Next I headed over to St. Paul’s Cathedral, which impressed me more than the Westminster Abbey, just because it was much larger (towering, even). Went inside for a bit before exiting and moving on to my next destinations, which were two museums which I wanted to visit whilst in London: the Courtauld Gallery at the Somerset House and the British Museum. Visited the former first, after getting a bit lost trying to find it, and was pleased with its modest collection of Impressionist works from Monet, Cézanne, and Degas. It was a small, but intimate museum; plus, there was free admission!

"A Bar at the Folies Bergeres" by Manet.
“A Bar at the Folies Bergeres” by Manet.

Was rushing a bit as I hurried over to the British Museum, also free to getting into. I only had about ninety minutes before the museum started closing and pretty much raced through the 100-plus galleries and seeing a variety of artifacts and paintings from all sorts of civilizations, from the Persian to the Japanese to that of Easter Island, the last one with its Moai statues. Unfortunately, the museum guards were beginning to kick us out around 17h30, just when I was about to search for the Rosetta Stone- darn! Another time…

It was already dark for the evening when I exited the museum and decided to call it a day after ten hours straight of running all over the city. Returned to the hostel and turned in for the night. The following morning was my last day in London before I left for my next destination for les vacances. Essentially, I spent the time visiting Camden Market with its outdoor shops catered to the alternative, youthful crowd. A bit too alternative for me, but worth the experience. Right before leaving London, I stopped by Primark for some post-Christmas shopping, since I wanted some new (but inexpensive) clothes. Bought a couple of long sleeves and a leather jacket, then jetted out to catch the bus at 11h30 over to the next place in England, thereby saying goodbye to London.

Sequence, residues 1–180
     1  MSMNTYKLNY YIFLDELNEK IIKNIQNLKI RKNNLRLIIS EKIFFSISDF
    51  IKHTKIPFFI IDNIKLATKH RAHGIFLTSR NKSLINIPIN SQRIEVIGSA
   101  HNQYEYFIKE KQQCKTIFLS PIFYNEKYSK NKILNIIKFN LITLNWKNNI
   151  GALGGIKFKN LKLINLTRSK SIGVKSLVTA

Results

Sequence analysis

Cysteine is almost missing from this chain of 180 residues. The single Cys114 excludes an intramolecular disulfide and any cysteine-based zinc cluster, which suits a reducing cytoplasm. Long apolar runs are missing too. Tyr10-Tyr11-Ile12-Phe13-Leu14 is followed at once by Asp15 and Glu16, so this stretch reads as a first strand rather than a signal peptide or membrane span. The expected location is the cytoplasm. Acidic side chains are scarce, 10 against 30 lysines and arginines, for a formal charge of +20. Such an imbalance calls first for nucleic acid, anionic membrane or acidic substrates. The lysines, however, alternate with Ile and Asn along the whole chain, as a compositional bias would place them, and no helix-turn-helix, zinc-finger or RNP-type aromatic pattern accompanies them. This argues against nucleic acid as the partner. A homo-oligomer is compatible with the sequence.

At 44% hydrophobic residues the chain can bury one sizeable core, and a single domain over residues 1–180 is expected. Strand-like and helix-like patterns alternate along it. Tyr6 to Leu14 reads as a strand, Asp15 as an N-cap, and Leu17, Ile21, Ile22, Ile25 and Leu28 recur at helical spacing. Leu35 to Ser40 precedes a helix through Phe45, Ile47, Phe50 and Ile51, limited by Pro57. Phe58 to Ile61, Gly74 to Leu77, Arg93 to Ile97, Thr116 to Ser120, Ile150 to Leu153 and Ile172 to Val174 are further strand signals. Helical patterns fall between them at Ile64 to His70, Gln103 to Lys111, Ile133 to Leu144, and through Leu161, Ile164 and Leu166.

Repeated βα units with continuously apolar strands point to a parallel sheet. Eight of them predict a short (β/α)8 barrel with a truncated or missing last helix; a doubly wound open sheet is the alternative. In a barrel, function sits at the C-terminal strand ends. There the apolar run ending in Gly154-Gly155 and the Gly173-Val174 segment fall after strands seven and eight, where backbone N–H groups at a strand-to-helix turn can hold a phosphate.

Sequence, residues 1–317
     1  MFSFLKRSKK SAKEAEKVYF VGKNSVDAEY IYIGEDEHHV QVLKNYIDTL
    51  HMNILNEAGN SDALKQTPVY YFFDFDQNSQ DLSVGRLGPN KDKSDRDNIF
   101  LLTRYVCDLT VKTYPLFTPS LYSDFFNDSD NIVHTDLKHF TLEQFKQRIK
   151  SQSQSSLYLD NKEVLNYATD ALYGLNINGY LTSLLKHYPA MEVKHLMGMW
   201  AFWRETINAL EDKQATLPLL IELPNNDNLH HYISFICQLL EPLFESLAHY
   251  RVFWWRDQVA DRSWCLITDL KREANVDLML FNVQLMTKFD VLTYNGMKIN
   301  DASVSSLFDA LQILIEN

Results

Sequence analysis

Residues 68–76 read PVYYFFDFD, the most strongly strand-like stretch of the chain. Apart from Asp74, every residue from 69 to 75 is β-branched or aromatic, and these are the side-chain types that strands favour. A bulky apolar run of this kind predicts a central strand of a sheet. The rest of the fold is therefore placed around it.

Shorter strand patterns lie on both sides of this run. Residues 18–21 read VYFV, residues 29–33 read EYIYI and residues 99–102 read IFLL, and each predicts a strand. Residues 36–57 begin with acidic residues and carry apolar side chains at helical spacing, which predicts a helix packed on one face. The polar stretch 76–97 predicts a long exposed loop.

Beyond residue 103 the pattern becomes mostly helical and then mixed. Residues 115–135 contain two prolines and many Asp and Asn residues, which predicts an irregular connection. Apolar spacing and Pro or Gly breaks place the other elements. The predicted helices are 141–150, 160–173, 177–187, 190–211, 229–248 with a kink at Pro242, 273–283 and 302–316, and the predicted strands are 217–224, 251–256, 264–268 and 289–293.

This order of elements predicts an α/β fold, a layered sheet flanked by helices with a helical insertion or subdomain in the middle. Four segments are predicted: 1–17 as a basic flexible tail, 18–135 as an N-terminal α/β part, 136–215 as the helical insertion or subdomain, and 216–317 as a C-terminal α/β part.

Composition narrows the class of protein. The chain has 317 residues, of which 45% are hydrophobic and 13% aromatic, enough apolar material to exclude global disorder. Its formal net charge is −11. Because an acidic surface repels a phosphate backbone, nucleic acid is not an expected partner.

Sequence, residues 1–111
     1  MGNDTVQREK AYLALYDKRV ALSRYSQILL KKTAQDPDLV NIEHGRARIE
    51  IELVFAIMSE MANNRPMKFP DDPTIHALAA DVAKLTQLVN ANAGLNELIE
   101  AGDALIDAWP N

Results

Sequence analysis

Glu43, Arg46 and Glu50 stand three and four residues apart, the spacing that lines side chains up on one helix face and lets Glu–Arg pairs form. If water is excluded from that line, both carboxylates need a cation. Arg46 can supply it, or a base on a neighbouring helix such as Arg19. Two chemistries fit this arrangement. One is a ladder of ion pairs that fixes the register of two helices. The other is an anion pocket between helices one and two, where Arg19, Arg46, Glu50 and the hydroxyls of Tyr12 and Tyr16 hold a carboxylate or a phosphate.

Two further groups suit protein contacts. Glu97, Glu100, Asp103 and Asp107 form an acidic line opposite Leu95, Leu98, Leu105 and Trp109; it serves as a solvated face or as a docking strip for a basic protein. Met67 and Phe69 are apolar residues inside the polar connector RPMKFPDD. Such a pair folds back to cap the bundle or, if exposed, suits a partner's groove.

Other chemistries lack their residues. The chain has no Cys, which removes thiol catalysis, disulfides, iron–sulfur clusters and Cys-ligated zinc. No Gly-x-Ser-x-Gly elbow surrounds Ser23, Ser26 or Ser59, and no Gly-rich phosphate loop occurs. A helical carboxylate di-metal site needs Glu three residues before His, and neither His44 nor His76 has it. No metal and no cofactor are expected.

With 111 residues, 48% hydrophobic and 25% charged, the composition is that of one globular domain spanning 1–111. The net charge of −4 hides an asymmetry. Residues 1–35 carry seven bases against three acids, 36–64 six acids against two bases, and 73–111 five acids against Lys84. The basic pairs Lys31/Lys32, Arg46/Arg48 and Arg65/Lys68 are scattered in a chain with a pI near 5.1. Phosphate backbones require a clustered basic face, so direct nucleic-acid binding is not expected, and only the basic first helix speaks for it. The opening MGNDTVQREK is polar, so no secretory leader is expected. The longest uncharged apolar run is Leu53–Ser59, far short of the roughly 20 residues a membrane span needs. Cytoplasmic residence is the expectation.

All together, it was a fast-paced four nights in London; technically, I only had 2 1/2 days to actually explore the city which looking back was not enough time to see everything, or at least in detail. A week would’ve been better, so as to not rush things. I have very mixed feelings about London, just because I found places I visited to fall just slightly short of my expectations (which I admit are always set too high, so that’s my fault). Having to pay for every church or monument didn’t help either, and I felt like I was missing out whenever I chose not to pay for the entrance. Pessimistic as it sounds, London for me was a disappointment: too big, too fast-paced, and too expensive.

This isn’t to say, however, that I hated London. Not at all. I admit, there were a few gems in the time I was there. Touristy as it is, Tower Bridge was a lovely piece of architecture, and I very much enjoyed the Keats House and the Courtauld Gallery. It was the smaller attractions which attracted me, so that’s why I wouldn’t say that London was a total bust. Despite the over-hyped nature of this otherwise touristy, gimmicky European city, London is still, what I believe, worth a visit at least once in one’s lifetime. Just because.

I’ll be recounting my day trip from London to the places that I’d previously mentioned for the next post. Coming up: Windsor Castle, Stonehenge, and Oxford!



— Rebecca